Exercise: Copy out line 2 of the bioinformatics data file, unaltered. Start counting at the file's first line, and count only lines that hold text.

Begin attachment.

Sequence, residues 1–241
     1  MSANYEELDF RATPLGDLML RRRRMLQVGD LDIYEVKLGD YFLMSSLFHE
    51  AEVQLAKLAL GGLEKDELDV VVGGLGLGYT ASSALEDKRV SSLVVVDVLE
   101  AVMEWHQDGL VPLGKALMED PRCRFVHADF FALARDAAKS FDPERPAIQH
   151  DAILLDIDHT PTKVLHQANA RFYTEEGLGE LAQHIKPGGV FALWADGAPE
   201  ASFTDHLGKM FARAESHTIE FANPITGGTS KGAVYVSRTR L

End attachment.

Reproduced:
     1  MSANYEELDF RATPLGDLML RRRRMLQVGD LDIYEVKLGD YFLMSSLFHE